Either a 20th-century man's shoe has been transported through time back to pre-Columbian America, confounding the primitive redksins, or else some 20th-century Native Americans on some especially traditional and cloistered reservation somewhere are incredibly ignorant.
Or, some Madison Avenue genius thought this was brilliant.
and the Afternoon Edition of Chuck's News of the Weird Daily for Monday
Cutting-edge work from the Methodological Chemistry Institute of the National Research Council of Italy on . . well . . how American cockroaches plan and execute their escape routes when confronted by a predator (or a shoe). New York Times
A paraplegic guy robbed an F State credit union on Friday, but he didn't get far ("probably miscalculated his ability to flee the scene," said Lt. DeSantis). Florida Today (Melbourne)
An academic's report for Japan's Ministry of Health and Welfare revealed that more than a third of marrieds don't have sex anymore, which in the long term will present taxation problems for old-age benefits. Daily Telegraph (London)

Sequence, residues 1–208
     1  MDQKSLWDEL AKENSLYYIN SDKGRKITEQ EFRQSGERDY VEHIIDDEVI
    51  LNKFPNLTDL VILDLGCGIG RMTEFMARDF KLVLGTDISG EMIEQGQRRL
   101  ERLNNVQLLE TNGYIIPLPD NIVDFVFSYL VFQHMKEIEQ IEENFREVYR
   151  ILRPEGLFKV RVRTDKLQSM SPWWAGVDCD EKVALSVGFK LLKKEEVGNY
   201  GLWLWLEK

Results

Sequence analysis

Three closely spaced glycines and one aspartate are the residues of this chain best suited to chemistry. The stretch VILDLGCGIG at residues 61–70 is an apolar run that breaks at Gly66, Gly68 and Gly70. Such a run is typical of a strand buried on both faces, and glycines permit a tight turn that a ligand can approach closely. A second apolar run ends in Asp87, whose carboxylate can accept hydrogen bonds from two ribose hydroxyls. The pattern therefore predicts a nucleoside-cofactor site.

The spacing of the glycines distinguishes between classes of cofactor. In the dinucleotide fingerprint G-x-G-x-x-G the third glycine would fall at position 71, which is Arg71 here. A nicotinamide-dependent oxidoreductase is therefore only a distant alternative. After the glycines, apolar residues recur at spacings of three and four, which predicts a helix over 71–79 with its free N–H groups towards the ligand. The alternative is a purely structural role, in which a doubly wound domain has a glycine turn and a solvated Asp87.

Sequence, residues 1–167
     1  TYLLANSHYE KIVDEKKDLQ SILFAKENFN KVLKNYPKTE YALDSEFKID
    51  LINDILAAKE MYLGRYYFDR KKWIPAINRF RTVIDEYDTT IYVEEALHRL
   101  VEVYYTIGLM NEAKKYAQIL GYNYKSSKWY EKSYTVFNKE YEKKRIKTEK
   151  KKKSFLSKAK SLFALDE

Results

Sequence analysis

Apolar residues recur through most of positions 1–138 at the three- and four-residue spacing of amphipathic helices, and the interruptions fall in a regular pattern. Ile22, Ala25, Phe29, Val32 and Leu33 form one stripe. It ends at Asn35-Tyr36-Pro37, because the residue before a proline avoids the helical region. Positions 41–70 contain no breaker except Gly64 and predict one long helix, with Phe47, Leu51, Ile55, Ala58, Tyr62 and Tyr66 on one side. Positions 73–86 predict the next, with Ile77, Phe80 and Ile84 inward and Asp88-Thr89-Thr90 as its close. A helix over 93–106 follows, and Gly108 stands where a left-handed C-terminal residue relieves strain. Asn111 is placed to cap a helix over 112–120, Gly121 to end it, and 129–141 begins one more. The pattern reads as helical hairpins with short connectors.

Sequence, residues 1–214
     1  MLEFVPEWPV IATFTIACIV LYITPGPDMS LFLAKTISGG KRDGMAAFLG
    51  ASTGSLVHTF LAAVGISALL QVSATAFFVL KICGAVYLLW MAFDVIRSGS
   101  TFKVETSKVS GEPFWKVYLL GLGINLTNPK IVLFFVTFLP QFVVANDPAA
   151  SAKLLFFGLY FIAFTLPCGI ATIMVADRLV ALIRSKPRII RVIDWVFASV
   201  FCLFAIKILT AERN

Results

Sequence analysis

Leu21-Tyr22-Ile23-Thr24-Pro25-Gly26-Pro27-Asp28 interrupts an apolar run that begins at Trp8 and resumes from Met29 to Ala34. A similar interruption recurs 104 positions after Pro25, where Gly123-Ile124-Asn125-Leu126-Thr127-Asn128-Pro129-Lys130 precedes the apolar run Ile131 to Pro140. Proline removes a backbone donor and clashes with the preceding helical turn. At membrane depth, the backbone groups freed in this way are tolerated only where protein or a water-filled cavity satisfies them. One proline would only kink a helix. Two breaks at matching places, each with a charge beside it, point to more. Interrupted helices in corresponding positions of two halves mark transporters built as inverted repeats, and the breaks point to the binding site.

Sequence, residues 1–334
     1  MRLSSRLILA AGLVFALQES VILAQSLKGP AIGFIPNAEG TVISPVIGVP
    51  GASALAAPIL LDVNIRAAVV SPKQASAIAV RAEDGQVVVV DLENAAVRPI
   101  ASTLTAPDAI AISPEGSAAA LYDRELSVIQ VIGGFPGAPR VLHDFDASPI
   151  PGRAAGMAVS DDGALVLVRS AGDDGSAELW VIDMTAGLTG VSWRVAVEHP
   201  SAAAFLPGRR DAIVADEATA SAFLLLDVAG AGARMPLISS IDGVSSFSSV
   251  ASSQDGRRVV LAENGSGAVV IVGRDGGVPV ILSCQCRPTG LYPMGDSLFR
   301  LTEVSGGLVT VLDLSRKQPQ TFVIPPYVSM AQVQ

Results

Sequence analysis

The Dallas (Tex.) public school system got caught systematically making up Social Security Numbers for the foreign-national teachers it was recruiting, just because it made the paperwork easier. (Bonus: Caught 'em earlier doing it, in 2004, and they said they'd stop, but they didn't!) Dallas Morning News
Awesome! Maryland lobbyist Gilbert Genn had a run-in with a crazed deer outside his home, got seriously antlered (in the chest and the "groin area"), fought it off, applied a homemade fix to stanch the bleeding, and hobbled away to Annapolis for a meeting with the state House Speaker. ("There was no way I could miss this meeting.") WTOP Radio (Washington, D.C.)
A candy-oriented dispatch from Dubai: "Nobody thought about using camel milk before, then people from the camel world met people from the chocolate world." Yum! The Times (London)